The Saucony Endorphin Pro was on the medal stand at the US Olympic Marathon Trials (courtesy of Molly Seidel) and we’ll probably see it on more podiums when road races start again. As we discussed in our recent Nike Alphafly Next% vs Saucony Endorphin Pro comparison, the Endorphin Pro is legit and will challenge both the Alphafly Next% and Nike Vaporfly Next% for road racing supremacy.
Saucony’s version of pebax cushion is PWRRUN PB. It looks like adidas’ Boost but is much lighter and similar in squishiness and feel to Nike’s ZoomX. When paired with the S-curved carbon fiber plate that’s sandwiched between the two layers of PWWRUN PB, you get a snappy bounce on every toe off. The feeling is similar but stiffer than the Vaporfly Next%.
The pebax and carbon fiber plate combo is paired with a rocker shape that Saucony calls Speedroll. I enjoyed how smooth the Speedroll midsole shape made the heel to toe transition. The cushion, carbon fiber plate, and Speedroll shape combine for a smooth and efficient ride.
The Endorphin Pro features a traditional chevron pattern over the entire forefoot with plenty of cutouts for the pebax to expand. The midfoot only has rubber on the sides while the heel has some extra rubber on the lateral landing zone. While the rubber doesn’t appear thick, it’s durability is incredible. I’ve put over 50 miles on my pair and the outsole barely looks used. The traction is built to last in a way that the Vaporfly and Alphafly can’t match.
On top of that crazy durability, the rubber sticks to everything. I travelled a lot of wet ground and rainstorms in the Endorphin Pro. I never felt slippage. They even handled mildewy wooden bridges without issue. If you’re faced with bad weather on race day, reaching for the Endorphin Pro will be a great choice.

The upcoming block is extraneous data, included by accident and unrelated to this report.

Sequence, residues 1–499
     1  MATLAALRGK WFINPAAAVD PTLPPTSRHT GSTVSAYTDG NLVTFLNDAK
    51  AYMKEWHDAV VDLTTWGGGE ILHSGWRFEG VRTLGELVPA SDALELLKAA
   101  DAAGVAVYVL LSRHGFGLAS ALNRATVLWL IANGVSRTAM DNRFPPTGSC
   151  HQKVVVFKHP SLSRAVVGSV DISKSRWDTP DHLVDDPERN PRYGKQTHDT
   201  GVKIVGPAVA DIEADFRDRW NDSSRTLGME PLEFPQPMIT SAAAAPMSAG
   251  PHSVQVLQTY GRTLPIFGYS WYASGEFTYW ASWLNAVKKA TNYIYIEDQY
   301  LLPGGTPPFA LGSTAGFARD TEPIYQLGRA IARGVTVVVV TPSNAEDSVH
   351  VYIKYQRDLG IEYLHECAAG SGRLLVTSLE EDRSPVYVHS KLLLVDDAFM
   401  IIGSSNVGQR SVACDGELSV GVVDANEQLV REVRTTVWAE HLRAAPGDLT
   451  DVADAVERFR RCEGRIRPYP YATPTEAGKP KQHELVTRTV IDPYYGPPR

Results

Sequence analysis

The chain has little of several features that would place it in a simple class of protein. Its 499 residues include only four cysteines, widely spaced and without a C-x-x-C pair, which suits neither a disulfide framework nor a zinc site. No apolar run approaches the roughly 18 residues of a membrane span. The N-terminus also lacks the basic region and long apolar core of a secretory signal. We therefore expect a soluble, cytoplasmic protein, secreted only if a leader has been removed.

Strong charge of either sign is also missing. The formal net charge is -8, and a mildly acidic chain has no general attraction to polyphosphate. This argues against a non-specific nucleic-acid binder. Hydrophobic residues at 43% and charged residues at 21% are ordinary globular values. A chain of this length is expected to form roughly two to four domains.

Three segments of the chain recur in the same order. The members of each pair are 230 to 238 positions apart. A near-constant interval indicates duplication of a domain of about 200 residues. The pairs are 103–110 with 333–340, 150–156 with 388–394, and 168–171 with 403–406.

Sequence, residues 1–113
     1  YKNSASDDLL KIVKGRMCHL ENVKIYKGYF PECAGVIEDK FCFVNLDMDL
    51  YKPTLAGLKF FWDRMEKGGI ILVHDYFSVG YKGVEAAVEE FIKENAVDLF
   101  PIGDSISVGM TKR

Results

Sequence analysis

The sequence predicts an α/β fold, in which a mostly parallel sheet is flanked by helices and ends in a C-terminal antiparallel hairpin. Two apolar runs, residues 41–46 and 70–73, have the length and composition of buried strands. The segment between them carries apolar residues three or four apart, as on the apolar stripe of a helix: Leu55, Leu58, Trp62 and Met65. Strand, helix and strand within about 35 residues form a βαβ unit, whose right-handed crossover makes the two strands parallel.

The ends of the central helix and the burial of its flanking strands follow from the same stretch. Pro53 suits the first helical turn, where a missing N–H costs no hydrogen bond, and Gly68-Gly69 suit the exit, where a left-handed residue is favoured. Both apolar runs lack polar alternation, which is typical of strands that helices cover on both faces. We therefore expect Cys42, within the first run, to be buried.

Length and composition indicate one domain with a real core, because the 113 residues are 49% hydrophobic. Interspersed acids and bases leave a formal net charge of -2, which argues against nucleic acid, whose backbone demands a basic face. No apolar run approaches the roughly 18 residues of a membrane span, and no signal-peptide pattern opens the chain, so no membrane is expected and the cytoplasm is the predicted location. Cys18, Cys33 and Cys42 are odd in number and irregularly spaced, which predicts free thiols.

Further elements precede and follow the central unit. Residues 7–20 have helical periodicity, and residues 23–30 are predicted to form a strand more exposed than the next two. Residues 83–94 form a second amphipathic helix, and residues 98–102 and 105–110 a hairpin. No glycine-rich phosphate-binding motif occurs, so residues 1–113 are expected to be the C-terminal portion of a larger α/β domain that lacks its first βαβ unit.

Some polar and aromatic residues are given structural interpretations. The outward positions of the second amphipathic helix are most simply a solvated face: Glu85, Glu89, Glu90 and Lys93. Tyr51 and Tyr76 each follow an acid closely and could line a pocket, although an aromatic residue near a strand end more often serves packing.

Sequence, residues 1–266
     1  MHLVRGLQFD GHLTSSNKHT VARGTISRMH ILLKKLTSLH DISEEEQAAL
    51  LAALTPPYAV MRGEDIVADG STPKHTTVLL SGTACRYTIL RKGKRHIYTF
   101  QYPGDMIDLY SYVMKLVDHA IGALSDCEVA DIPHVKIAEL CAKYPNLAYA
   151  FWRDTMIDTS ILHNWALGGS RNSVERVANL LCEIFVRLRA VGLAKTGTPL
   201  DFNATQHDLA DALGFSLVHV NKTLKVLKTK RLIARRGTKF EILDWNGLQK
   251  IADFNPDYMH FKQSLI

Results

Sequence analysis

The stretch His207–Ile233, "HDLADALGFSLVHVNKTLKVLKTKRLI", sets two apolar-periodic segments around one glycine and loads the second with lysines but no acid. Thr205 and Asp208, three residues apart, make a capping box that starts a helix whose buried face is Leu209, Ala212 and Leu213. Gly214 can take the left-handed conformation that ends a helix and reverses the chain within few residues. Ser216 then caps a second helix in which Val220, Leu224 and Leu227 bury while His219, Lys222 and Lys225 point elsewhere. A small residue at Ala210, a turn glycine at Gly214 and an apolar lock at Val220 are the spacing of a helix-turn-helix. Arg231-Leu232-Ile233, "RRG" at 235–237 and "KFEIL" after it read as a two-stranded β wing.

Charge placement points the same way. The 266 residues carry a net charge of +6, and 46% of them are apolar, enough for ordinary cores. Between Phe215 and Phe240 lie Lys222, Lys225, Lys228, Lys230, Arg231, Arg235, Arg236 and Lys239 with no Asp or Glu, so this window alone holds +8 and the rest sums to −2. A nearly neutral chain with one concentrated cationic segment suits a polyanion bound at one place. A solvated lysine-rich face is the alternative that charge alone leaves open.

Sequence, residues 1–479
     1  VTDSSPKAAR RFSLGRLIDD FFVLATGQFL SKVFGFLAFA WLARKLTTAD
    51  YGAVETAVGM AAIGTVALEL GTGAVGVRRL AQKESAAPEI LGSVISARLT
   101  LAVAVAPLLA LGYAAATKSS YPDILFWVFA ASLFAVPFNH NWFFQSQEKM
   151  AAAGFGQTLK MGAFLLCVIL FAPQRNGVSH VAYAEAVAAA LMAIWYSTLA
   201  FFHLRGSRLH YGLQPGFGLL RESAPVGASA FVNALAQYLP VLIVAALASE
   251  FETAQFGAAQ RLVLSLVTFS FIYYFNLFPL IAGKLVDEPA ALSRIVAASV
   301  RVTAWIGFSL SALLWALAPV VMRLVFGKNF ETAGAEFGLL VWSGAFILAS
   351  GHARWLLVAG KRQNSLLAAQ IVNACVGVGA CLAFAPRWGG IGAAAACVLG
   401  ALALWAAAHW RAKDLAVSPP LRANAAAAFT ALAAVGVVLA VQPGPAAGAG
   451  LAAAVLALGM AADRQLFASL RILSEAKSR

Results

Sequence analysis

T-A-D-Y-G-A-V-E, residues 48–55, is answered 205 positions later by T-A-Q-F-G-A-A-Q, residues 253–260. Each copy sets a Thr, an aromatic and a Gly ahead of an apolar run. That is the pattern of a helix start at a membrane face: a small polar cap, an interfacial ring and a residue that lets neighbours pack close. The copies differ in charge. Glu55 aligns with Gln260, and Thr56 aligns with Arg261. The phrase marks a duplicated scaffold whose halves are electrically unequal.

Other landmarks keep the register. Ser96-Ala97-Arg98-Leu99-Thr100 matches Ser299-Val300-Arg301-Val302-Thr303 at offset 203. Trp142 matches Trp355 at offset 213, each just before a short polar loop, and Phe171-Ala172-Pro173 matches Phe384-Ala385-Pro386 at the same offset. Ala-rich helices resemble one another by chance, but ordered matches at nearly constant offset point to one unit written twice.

There’s no internal heel counter but I felt secure at all times. There’s no tippy feeling like you get with other road racing shoes and the offset is a traditional 8mm. The forefoot widens nicely and a flared midsole provides extra support. You sit inside the midsole at both the heel and midfoot to help prevent rollovers. Finally, the gusseted tongue locks you in place. If your previous race day shoes were too wobbly, the Endorphin Pro will be a better option. The Endorphin Pro actually made our list of the best stability running shoes.
The entire upper consists of an ultra-thin engineered mesh called Formfit. There are some vinyl overlays at the lace loops, the heel, and logo but they’re mostly ornamental. The tongue is a double-layered mesh that feels like super thin neoprene.The shoe’s materials are common on traditional daily runners so there’s nothing to get used to. I didn’t experience any hotspots. It’s a minimal upper that does its job and stays out of the way.
The Endorphin Pro fits true to size without any dead space above the toes. The gusseted tongue provides a comfortable, locked down feel without feeling too tight. The tongue has a small bungie sewn on so you can tuck your laces into it. It’s perfect for people who hate the laces banging around as they run.
Some people I talked with needed a runner’s loop to get perfect heel lockdown. However, my heels stayed put from the beginning using the standard lacing configuration. In totality, the fit feels like a (very light) traditional running shoe.
The Saucony Endorphin Pro is a near perfect shoe. Fit, traction, and cushion are just awesome. True, it doesn’t have the extreme stack height and cushion of the Alphafly or Vaporfly, but not everyone needs that level of squish while racing.
With the Endorphin Pro’s $200 price tag being $50-75 less expensive than its closest rivals, any trade offs are worth the price. Based on my testing, I’m confident we’ll see the Saucony Endorphin Pro on a lot of podiums in the near future.
Saucony was not given any editorial control of the review. This review is based on our weartesters’ experiences using the shoes for speed workouts, trail runs, treadmill training, long runs, casual wear, and more.